so in the first and second part we have meters left only. Just making sure t makes sense the way I do it, so that if I encounter unit confusion I know I have done something wrong. \(x = 10.39 \times 1.37 + \frac{1}{2}(-9.81)(1.37)^2\)
and whatever that is equal to....
5.028m
Verif. http://www.wolframalpha.com/input/?i=12.327%3D9t%2B%281%2F2%29%289.81%29t%C2%B2
+1.5m
yes so she throws it 5.03m above the first girls hand. add 1.5m onto that if you want distance above ground
I get 5.028+1.5=6.528
oh! good you got it yourself:p
well, that's the right "way" to do it, any mistakes are calculations.....we now know "how" to do it:p
so the main things I need are: \(\large v^2=u^2+2ax\) \(\large x=ut+\dfrac{1}{2}at^2\)
and of course I know how to find horizontal and vertical velocity components based on a given angle and initial velocity....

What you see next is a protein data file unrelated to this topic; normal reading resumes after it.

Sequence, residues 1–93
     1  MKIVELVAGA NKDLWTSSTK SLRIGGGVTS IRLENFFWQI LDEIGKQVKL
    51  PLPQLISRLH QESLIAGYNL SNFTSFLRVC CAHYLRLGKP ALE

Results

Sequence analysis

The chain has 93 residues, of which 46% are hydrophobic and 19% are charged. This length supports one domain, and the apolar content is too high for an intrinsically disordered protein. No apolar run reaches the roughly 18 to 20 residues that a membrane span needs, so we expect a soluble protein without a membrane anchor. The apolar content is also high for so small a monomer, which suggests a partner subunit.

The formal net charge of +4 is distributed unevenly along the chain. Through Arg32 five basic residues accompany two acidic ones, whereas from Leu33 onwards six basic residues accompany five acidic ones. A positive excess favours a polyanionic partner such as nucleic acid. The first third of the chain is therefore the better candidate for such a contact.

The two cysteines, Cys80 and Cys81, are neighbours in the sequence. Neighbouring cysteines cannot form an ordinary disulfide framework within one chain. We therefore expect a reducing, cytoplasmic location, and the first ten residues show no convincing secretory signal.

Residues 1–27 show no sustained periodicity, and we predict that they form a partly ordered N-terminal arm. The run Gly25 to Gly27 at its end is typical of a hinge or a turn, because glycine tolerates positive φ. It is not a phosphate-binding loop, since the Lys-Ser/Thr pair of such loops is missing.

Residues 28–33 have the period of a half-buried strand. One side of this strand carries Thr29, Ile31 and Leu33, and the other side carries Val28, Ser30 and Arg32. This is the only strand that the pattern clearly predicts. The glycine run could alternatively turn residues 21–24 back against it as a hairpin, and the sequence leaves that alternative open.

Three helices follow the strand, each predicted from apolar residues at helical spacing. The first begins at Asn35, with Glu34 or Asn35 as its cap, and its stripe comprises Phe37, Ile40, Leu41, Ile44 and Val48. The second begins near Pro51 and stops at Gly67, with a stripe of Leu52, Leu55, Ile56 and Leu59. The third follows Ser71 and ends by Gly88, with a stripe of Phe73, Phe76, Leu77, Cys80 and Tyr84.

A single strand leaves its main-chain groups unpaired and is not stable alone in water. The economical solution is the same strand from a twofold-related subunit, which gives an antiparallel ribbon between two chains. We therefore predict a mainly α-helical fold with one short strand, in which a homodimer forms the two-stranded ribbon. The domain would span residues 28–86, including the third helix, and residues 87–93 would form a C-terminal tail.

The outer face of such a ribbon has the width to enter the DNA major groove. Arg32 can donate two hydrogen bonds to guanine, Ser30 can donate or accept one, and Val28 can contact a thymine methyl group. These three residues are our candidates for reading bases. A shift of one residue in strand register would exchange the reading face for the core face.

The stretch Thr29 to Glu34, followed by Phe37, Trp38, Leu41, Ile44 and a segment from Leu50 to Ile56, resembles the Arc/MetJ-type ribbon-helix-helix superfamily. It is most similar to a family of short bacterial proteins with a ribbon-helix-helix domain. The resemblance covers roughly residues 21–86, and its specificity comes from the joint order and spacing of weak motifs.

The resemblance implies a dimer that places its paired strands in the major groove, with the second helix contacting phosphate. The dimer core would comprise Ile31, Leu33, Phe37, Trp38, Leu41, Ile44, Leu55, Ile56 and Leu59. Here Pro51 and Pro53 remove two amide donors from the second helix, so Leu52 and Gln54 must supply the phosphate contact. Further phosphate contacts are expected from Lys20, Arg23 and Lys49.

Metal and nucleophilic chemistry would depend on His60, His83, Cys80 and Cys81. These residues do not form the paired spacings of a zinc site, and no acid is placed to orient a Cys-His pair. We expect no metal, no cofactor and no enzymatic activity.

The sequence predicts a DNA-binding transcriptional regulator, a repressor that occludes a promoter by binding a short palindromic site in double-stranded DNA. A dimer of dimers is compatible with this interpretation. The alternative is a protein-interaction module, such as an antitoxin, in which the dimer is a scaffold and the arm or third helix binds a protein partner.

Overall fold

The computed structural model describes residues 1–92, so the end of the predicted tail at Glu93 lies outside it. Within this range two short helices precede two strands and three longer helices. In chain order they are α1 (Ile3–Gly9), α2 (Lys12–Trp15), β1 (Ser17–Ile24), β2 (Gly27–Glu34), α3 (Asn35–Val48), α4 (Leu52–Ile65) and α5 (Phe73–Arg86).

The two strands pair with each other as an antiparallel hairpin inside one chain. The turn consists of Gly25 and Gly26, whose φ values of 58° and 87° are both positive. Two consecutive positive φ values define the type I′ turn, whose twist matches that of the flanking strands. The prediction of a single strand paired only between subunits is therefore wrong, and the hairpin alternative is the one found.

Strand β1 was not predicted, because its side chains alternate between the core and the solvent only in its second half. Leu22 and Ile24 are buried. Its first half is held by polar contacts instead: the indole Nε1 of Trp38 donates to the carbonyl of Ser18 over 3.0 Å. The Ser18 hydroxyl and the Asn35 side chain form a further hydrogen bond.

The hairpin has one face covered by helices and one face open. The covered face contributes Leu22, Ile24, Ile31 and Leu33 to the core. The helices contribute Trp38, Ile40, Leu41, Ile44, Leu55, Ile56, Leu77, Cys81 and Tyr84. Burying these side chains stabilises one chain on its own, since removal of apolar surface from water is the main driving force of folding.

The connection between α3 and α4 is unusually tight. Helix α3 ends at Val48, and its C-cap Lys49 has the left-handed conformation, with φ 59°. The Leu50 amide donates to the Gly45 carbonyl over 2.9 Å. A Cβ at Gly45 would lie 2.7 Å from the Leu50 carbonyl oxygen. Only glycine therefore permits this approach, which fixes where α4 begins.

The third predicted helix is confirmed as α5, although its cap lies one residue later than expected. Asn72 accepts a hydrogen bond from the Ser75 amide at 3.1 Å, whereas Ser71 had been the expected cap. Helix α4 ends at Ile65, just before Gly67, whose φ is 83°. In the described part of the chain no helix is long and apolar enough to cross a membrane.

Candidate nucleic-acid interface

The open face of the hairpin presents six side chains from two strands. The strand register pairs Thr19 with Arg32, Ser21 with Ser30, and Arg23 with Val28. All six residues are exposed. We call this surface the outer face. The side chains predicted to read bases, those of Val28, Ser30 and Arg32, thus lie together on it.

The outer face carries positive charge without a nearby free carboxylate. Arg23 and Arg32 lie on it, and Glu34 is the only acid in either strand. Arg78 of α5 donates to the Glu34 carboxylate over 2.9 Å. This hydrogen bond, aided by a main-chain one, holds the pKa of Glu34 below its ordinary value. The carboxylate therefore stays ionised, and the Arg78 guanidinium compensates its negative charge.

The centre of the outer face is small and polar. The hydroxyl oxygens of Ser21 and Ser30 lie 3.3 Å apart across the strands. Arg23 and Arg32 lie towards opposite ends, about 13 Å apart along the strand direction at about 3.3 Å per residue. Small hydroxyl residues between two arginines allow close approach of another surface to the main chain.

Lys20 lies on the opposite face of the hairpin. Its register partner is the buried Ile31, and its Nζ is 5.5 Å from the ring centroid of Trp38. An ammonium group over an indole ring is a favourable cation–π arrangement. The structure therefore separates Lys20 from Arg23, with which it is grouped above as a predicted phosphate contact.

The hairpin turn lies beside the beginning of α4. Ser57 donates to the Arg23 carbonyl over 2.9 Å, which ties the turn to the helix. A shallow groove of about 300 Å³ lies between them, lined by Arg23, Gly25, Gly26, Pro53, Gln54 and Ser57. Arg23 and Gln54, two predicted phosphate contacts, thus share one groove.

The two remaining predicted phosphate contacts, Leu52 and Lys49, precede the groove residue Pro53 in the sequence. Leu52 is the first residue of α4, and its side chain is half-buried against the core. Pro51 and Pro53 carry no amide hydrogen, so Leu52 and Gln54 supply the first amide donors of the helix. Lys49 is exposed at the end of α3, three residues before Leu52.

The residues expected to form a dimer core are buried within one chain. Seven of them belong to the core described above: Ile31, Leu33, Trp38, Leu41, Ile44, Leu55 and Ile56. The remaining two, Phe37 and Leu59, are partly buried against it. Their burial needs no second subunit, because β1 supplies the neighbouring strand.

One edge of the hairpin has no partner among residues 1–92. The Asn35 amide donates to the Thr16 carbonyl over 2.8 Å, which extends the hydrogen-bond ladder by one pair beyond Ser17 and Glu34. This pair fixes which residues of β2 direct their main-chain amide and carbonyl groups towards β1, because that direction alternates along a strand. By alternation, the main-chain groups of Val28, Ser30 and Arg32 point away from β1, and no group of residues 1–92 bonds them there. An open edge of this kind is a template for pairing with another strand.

let me type them out, there are 3 \[v = u + at\] \[x = ut + \frac{1}{2}at^2\] \[v^2 = u^2 + 2ax\] trick is to pick the right one to use as they all look at different things. eg the last one doesn't have t in it. but it is incredibly useful if you know of it.
this is probably the most valuable post in my life. TY so much. No excuse me I got to go:) tnx for formula recap!
yes - horizotal vs vertical there's an awful awful lot of info in there, you have done well! cheers!!
\(v = u + at\) \(v_x~~ =~~u~ \cos(\theta)\) \(v_y ~~=~~ u~\sin(\theta)\) \(d = ut + \frac{1}{2}at^2\) \(v^2 = u^2 + 2ax\) x = distance [technically displacement but don't worry about that] u = initial velocity v = final velocity a = acceleration t = time Ok, when I have to time to look more into it, i will. Thank you very much. I actually get this stuff now.